Joining Sandy Tush CD has its advantages and disadvantages. It’s because of this group that I learned about the Elf brand and can get the diapers for $5-8 a piece. But because I am able to get the diapers so cheap, I tend to order a lot! But having a nice stash of cloth diapers just means that I don’t have to wash diapers every night, or even every other night!
Cloth Diaper Accessories
Here are some of my must-have accessories for cloth diapering, and some accessories that others love, as well.
Bio-Degradable Liners – These liners SAVED us after Charlotte turned six months old and started solids (here’s an article that explains why it’s best to wait until 6 months to introduce anything besides breastmilk or formula). Once a baby is no longer exclusively breastfed, dirty diapers need some extra prep. I’m not a dunk and swish or spray pal kinda mom, so we use these liners. Each diaper change we place these liners between her bum and the diaper, and it makes diaper changes for number two so easy!!
Trash Can – It really doesn’t matter what you use to store your dirty diapers, but you for sure want something with a lid! Keeps bugs and household animals out of the diapers.
Pail liners – These pail liners are a must. They store your dirty diapers between washes. When it’s wash day, you turn the liners inside out and wash them at the same time you do your diapers.
Coconut Oil – When it comes to cloth diapering, diaper rash creams are not created the same. All the extras in the creams clogged your diapers and the liners causing absorbency issues. And that’s one issue you do not want with your diapers. Since Charlotte has been about 6 months old, we have exclusively used only coconut oil, and only need to use it on her little bum at night time. Unless a rash starts to form then we’ll use it.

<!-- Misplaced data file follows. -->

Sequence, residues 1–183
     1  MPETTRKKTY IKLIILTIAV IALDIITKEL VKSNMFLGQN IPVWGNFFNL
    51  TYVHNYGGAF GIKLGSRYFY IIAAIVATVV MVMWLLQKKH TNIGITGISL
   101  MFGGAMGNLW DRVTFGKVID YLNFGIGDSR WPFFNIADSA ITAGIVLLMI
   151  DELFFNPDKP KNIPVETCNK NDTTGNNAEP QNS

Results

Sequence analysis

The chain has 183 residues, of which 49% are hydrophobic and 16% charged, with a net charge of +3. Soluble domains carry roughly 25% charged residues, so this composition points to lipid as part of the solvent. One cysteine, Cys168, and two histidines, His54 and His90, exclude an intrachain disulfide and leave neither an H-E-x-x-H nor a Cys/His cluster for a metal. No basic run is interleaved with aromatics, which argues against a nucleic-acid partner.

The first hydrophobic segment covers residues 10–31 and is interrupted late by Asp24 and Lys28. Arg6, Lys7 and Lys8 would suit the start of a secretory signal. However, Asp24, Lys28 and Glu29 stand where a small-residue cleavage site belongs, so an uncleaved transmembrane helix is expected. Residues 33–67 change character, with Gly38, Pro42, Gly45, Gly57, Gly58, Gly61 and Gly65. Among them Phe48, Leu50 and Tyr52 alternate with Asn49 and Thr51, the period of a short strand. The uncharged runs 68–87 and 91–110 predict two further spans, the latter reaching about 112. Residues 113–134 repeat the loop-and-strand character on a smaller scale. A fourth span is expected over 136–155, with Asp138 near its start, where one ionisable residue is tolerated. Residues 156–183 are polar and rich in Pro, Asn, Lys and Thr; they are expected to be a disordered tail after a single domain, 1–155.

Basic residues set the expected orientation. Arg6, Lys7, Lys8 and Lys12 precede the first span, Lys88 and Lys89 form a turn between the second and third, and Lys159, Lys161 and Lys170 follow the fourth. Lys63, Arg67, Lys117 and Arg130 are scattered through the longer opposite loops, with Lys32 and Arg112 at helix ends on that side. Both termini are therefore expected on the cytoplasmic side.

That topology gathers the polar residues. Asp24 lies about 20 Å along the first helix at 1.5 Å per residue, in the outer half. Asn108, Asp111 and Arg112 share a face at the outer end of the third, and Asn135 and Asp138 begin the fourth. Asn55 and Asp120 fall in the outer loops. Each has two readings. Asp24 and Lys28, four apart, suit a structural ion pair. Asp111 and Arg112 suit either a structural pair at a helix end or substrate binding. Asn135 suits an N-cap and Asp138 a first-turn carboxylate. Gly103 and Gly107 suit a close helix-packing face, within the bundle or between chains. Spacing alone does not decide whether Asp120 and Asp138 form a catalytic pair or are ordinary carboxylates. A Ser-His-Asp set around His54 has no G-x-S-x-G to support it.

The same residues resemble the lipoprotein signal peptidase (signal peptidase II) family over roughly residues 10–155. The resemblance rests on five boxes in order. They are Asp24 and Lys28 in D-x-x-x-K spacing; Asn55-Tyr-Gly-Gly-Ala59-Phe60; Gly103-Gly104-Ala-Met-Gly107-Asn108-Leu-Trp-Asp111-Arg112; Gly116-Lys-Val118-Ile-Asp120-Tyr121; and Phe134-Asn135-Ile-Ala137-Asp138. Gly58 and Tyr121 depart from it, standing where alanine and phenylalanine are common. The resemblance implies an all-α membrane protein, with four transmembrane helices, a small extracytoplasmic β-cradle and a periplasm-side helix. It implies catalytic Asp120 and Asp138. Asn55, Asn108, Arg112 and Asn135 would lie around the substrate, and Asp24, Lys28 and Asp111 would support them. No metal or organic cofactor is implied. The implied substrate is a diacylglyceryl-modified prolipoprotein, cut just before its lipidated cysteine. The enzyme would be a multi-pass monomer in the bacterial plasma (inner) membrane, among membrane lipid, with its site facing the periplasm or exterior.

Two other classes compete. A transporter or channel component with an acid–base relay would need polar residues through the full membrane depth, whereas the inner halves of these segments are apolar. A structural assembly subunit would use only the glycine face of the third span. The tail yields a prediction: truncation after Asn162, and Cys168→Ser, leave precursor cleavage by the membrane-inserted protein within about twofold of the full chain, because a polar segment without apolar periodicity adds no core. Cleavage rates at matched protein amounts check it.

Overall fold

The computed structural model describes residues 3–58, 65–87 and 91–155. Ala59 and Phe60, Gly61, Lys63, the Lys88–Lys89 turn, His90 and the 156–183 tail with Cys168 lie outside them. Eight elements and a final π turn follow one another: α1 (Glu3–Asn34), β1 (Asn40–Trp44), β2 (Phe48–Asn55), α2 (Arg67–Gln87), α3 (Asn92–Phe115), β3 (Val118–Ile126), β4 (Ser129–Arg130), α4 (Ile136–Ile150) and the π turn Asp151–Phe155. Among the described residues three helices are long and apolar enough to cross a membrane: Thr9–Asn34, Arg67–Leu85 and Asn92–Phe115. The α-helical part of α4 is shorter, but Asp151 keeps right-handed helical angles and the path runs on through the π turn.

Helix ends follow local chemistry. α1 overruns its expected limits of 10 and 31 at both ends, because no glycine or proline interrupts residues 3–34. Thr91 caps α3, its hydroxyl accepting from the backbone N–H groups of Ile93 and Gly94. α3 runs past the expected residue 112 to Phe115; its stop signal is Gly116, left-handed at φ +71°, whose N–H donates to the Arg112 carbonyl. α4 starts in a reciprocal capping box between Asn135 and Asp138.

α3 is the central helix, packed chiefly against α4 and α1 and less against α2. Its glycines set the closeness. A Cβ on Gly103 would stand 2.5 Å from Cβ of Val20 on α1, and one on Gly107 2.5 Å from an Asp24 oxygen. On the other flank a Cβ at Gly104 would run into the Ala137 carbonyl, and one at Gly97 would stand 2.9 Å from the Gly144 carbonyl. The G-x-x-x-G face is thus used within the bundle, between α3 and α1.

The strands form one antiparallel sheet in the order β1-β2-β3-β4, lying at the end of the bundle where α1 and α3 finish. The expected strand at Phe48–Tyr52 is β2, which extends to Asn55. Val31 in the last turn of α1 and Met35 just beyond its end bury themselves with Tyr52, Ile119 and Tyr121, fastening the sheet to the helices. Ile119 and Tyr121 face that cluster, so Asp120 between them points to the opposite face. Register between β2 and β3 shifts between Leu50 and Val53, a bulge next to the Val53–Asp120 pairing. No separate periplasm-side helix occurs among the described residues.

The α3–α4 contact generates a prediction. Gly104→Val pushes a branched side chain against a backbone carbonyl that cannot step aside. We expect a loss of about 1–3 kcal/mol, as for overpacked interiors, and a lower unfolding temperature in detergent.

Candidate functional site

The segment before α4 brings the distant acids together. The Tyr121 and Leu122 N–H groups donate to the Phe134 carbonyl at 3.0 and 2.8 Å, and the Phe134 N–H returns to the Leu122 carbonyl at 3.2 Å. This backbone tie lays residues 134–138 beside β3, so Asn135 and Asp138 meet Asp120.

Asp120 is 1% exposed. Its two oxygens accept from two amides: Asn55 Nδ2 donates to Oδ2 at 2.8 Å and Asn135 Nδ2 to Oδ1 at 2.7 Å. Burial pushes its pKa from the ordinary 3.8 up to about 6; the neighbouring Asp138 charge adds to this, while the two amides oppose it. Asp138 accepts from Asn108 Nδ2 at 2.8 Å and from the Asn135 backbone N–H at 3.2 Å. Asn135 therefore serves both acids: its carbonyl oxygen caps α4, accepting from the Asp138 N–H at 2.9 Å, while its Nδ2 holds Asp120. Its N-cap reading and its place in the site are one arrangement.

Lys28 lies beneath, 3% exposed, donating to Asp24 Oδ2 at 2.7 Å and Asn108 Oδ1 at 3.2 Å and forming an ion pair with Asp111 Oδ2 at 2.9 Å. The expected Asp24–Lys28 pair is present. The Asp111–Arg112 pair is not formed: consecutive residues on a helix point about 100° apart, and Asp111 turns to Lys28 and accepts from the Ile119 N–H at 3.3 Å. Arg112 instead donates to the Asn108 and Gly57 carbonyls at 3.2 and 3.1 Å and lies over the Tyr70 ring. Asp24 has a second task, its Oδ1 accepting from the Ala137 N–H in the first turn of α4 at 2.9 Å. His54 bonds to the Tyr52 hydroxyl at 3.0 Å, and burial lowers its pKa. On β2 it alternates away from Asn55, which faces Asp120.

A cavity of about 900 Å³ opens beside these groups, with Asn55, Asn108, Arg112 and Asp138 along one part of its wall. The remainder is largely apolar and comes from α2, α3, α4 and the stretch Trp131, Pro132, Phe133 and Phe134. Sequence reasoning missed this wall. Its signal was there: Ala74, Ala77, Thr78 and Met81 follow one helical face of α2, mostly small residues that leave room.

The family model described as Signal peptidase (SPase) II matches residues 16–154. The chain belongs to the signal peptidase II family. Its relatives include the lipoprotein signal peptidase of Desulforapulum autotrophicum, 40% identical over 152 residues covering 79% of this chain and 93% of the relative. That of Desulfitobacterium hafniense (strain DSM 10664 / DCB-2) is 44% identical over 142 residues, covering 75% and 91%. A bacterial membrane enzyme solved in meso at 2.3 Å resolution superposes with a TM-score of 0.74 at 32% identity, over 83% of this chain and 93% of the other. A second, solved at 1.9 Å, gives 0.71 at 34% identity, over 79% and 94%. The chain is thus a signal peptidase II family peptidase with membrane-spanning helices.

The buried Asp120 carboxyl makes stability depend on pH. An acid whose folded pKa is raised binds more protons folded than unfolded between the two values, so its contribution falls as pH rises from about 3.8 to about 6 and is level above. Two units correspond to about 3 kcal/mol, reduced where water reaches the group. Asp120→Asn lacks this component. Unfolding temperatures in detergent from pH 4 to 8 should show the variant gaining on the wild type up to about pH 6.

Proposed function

Butt Paste Diaper Rash Cream – Natural – Remember how I said diaper rash creams are not all equal? Before we started using coconut oil, we used the green tube of Butt Paste because there’s no extra junk it in, and it doesn’t cause issues with the diapers.
Cloth Wipes – I was allll about cloth diapers, but in the beginning, I was 100% against cloth wipes. Until I wasn’t. When the baby is EBF, it’s so convenient to just toss the diaper and the wipe into the pail after a diaper change, I wish I would have started cloth wipes sooner!
Water Solution for Wipes – It’s so much easier to clean a dirty butt when a wipe is damp, and this is how I go about dampening cloth wipes. They begin as a cube solid, and once mixed with warm water, the cube dissolves. I put that solution in a spray bottle and just spray Charlotte’s butt and wipe it after.
Water Wipes – If you don’t want to use cloth wipes, but don’t want to use wipes that could cause a reaction, water wipes are the next best thing! They’re literally just that – wipes that are damp with only water.
All Natural Magic Stick – Here’s another option to a diaper rash cream. I have one of these, but I like the coconut oil or Butt Paste better.
Prefolds – Prefolds are great to add extra absorbency to diapers for heavy wetters. You can add the prefolds to the diapers at night or nap time.
Spray Pail and Sprayer – If you do not use throwaway liners after your baby moves to solids (or is exclusively on formula), you need to clean off solid waste from the diapers before washing them. Using this pail and sprayer will make life a little easier for you. There are other alternatives, however, to the pail and sprayer.
You’ll find that once you begin your own cloth diaper journey, you’ll have your own favorite diapers and accessories. You’ll perfect your routine. And when you do have to buy a box of diapers for a long trip, you’ll cringe at the thought of spending $25!